Agreement polar ice sheets are melting

By Ken Perrott 02/12/2012

Many climate scientists felt the conclusions on effects of global warming in the 2007 IPCC review were too conservative. One reason was the estimation of likely melting of ice sheets and its effects.

Problem was that there was insufficient knowledge to draw definite conclusions. And the measurements of changes in ice sheets just wasn’t accurate enough.

That’s now changed and a large number of experts agree global warming has caused loss of ice from these ice sheets. And this has contributed to measured increases in sea level.

Richard A. Kerr reports in Science (see Experts Agree Global Warming Is Melting the World Rapidly):

“Forty-seven glaciologists have arrived at a community consensus over all the data on what the past century’s warming has done to the great ice sheets: a current annual loss of 344 billion tons of glacial ice, accounting for 20% of current sea level rise. Greenland’s share—about 263 billion tons—is roughly what most researchers expected, but Antarctica’s represents the first agreement on a rate that had ranged from a far larger loss to an actual gain. The new analysis, published on page 1183 of this week’s issue of Science, also makes it clear that losses from Greenland and West Antarctica have been accelerating, showing that some ice sheets are disconcertingly sensitive to warming.”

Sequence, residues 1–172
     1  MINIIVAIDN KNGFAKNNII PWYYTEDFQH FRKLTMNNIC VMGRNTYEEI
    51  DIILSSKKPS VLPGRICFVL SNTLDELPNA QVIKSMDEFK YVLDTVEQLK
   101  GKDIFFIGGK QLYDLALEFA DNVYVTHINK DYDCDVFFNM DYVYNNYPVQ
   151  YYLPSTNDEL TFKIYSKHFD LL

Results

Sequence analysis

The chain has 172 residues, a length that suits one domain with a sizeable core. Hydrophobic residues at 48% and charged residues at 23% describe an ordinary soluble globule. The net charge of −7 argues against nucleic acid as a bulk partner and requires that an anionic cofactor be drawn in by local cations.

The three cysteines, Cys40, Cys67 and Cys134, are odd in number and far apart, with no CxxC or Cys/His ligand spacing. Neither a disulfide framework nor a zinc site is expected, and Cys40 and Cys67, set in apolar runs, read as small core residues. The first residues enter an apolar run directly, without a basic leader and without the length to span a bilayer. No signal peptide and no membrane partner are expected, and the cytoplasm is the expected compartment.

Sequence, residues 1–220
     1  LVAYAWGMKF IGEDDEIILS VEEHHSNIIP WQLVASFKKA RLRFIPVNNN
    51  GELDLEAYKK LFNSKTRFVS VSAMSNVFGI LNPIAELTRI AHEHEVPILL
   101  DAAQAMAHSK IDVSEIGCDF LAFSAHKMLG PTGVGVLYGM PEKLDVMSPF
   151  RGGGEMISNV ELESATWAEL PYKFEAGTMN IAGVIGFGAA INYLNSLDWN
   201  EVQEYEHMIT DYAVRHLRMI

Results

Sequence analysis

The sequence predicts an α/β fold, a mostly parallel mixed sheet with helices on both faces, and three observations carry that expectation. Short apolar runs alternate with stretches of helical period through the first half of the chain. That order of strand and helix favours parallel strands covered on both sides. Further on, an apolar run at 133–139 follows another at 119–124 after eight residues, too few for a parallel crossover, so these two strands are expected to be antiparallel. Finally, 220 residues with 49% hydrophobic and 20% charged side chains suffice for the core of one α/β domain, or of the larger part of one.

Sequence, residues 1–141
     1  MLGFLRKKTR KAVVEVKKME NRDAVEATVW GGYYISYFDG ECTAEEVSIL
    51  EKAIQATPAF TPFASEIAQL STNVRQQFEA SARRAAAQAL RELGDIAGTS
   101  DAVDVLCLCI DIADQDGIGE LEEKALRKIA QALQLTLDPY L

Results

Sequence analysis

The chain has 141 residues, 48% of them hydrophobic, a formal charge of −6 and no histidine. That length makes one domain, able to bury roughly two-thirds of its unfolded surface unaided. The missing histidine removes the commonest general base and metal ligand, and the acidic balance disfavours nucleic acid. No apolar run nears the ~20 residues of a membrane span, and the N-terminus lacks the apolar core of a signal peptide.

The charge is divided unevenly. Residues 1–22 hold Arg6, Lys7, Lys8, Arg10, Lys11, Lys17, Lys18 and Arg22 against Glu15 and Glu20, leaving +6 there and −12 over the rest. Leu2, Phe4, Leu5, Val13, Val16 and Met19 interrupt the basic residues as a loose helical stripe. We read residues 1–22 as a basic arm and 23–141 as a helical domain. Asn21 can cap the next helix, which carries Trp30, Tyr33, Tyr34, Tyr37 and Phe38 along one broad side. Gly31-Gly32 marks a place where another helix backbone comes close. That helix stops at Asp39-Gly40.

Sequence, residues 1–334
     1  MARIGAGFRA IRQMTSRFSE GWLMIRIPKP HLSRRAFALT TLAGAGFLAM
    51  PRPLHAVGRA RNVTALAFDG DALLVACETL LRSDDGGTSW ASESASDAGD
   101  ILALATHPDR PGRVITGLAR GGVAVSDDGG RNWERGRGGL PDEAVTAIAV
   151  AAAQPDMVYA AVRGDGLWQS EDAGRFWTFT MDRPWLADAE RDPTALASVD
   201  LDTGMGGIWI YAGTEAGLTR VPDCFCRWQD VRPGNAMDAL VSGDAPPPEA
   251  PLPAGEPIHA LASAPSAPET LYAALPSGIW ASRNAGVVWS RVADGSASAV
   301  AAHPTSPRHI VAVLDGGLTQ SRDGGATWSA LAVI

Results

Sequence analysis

He’s referring to the major paper by Andrew Shepperd and others, A Reconciled Estimate of Ice-Sheet Mass Balance.

Over recent years climate change deniers/contrarians/sceptics have cherry picked data to counter any suggestion that the earth’s large ice sheets are melting. They have pointed to increased amounts of ice in Eastern Antarctica to balance reports of massive losses of ice in the Arctic. (Have a look at this animation to see how such data can be cherry picked). Similarly they have tried to hide concern of the loss of land ice by stressing reports of local increases in sea ice.